Chelsea’s 2021-22 FA WSL season gets started with a bang, as we head to North London to face a reinvigorated Arsenal at The Emirates. To get a sense of how our
friends enemies at The Short Fuse, Aidan Gibson and Aaron Lerner, are feeling ahead of this one, we picked their brains about their new manager, new signings, their weaknesses, and of course, their predictions for Sunday’s clash. Here’s what they had to say...
WAGNH: First things first, what are your feelings on former coach Joe Montemurro’s departure?
Aidan Gibson: It was definitely the right time, things had gotten stale. Credit to him for taking the decision when he didn’t have to.
Aaron Lerner: Absolutely agree. He had a pretty good run - a WSL title, League Cup title, and a handful of runner-ups, but it also feels like his teams might have underachieved just a little bit. He struggled against Chelsea and Manchester City, which is the measuring stick for the WSL. It was time to move on.
WAGNH: Fair enough, so now your thoughts on the new manager Jonas Eidevall? You’ve played a few matches already, has there been a noticeable change in playing style yet?
AG: I’m loving everything so far. He’s saying all the right things. Of course a lot to be determined on the pitch but thus far Arsenal are playing with a higher intensity off the ball and are noticeably more direct.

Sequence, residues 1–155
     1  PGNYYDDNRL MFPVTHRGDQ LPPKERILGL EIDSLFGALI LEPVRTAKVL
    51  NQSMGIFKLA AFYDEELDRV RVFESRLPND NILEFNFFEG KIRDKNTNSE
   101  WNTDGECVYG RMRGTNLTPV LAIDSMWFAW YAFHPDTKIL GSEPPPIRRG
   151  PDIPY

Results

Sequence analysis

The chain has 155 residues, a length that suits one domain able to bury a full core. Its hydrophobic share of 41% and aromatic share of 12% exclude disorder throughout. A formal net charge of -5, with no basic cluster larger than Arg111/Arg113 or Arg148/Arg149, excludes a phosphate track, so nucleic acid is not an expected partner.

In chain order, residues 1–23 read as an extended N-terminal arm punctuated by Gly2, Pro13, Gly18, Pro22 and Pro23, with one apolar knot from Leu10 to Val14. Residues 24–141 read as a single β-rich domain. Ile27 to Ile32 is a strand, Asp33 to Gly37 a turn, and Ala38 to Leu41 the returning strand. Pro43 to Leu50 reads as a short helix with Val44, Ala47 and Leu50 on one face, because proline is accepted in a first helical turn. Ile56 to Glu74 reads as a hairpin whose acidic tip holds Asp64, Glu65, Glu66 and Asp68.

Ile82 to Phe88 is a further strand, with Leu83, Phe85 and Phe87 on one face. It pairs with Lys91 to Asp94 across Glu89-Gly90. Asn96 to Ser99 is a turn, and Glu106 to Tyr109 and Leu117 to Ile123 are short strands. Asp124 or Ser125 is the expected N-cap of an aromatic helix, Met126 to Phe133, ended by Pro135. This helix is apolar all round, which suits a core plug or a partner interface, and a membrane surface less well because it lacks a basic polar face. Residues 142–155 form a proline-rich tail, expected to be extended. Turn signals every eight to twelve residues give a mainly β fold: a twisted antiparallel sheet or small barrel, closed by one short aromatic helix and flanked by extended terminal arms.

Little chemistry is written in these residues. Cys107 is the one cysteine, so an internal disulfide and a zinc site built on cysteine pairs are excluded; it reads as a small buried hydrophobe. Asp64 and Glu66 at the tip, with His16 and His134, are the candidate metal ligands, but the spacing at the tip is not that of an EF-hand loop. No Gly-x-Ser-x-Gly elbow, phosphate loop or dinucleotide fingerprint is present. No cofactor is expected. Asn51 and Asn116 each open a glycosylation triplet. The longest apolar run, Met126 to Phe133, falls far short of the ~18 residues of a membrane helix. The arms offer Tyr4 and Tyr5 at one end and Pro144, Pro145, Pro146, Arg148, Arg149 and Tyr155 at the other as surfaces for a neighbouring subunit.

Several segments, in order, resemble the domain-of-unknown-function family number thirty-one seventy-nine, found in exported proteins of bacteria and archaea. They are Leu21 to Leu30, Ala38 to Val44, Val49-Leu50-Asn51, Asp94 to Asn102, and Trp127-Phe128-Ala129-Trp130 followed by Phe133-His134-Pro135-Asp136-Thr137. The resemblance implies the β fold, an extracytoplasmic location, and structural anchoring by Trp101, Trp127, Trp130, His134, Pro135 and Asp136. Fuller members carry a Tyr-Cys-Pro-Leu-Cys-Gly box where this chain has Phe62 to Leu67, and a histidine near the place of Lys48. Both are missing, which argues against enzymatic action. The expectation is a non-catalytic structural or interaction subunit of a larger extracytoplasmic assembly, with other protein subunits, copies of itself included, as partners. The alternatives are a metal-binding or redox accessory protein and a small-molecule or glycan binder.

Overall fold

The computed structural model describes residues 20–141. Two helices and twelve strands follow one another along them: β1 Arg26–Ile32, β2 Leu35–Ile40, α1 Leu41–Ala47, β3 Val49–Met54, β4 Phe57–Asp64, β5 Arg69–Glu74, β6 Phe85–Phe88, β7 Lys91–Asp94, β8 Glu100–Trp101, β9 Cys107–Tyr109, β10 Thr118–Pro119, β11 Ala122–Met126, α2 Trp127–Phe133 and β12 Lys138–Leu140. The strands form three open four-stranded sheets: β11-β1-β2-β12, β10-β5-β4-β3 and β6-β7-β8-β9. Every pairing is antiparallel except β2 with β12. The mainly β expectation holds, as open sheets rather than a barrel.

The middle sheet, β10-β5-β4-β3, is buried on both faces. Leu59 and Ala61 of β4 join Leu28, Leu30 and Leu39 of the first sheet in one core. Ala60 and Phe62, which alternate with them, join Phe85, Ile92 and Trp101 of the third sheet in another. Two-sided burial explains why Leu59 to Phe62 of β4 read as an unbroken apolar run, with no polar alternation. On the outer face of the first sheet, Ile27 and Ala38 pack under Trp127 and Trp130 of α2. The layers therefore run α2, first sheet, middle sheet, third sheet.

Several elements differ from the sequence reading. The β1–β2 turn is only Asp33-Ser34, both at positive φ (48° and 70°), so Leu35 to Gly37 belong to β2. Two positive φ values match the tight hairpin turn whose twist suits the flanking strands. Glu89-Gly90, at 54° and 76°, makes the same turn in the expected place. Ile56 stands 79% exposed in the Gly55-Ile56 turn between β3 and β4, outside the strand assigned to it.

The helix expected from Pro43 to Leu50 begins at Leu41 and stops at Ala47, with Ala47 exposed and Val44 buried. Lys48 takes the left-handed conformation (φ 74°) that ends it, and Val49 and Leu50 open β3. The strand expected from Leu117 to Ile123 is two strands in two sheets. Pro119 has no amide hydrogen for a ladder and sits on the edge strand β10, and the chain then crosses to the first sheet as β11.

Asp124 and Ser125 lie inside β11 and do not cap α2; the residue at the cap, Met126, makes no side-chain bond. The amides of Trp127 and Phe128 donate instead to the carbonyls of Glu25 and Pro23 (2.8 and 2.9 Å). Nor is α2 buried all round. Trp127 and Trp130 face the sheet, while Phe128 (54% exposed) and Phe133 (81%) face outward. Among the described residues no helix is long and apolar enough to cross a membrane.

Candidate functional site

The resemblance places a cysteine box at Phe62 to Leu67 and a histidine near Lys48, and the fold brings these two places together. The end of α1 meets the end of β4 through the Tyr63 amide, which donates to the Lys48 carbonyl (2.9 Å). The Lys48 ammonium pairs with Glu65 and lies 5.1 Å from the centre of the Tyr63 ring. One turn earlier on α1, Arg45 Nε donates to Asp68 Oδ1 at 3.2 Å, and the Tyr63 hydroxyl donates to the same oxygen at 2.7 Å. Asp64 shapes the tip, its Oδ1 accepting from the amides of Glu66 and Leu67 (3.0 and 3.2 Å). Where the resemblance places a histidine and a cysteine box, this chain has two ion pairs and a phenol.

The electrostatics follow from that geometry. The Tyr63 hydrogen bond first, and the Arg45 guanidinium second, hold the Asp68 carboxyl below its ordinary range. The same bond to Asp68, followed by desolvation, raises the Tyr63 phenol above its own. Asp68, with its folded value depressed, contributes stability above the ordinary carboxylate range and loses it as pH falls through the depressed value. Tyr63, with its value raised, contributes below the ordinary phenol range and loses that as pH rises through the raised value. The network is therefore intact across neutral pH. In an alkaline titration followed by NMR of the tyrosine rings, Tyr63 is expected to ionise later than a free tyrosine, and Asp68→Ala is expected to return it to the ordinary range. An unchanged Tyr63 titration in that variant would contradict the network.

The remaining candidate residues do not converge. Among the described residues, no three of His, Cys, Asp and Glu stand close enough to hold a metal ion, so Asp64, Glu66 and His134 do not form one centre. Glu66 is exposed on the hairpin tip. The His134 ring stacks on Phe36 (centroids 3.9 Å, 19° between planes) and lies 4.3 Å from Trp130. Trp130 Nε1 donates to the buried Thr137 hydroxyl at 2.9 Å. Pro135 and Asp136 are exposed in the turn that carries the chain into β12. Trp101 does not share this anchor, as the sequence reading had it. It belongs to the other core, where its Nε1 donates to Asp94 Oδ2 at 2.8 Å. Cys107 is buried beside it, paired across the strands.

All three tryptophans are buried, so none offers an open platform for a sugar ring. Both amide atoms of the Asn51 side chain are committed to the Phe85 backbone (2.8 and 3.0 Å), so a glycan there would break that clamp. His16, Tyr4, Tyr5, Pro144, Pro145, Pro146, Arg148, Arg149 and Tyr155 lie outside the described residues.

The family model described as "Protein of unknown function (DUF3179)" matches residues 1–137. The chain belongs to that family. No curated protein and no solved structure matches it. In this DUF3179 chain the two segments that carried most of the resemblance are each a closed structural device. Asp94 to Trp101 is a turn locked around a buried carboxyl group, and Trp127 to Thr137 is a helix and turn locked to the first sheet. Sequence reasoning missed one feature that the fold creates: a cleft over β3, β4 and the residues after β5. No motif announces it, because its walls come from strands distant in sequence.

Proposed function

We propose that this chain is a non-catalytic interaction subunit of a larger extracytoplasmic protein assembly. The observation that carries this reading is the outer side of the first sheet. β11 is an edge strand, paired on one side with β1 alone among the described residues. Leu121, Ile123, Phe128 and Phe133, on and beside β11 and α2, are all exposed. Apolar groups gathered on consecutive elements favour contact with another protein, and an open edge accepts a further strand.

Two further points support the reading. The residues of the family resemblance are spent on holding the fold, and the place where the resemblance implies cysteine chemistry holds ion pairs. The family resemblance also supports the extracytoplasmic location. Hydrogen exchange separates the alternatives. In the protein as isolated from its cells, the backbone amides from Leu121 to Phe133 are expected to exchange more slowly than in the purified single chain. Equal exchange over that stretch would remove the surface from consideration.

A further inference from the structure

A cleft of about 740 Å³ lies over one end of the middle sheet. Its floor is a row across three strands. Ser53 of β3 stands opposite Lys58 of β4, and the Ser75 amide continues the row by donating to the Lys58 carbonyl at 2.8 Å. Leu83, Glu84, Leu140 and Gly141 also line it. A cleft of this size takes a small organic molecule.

AL: The higher pressing is a welcome change for me. Arsenal may lack a bit of defensive bite in the midfield, so winning the ball higher up the pitch can cover for that deficiency. And as Aidan said, Arsenal are more direct in their attacks, but they also have more varied attacking patterns, which is in part down to the sheer number of different attacking options Eidevall can deploy.
WAGNH: Arsenal had a fairly busy transfer window; how are Mana Iwabuchi, Nikita Parris and Frida Maanum fitting in?
AG: Mana looks like she’s been at Arsenal her entire life — Eidevall actually spoke about how easy the transition has been because of her intelligence, and the intelligence of her team. Keets (Nikita Parris) has slotted in quite well, and Maanum has the potential to be transformative in midfield. Her power is something Arsenal didn’t have, but she’s got a really nice eye for a pass too.
AL: I love Mana Iwabuchi’s willingness to drive into the box and have a shot if it opens up for her. That willingness is going to open up room for Viv Miedema, Nikita Parris, and whoever else is on the pitch, which will be a nightmare for opposing defenses. And she always seems to make the correct decision with the ball. Nikita Parris has looked great as has Frida Maanum, but Mana has really stood out for me. Of course, the addition of Tobin Heath to the attacking stable has me super excited, and if she’s healthy and fit could have a massive impact.
WAGNH: The best move of the transfer window may have been not losing Viv, do you think this will be her final season with Arsenal, or do you think she’ll stay if the squad obtains silverware?
AG: I don’t think there was ever any real danger of Viv leaving this past summer, but the smart money is on her leaving, unless Arsenal start the season amazingly well, and, like, beat Lyon or something in the Champions League group stage.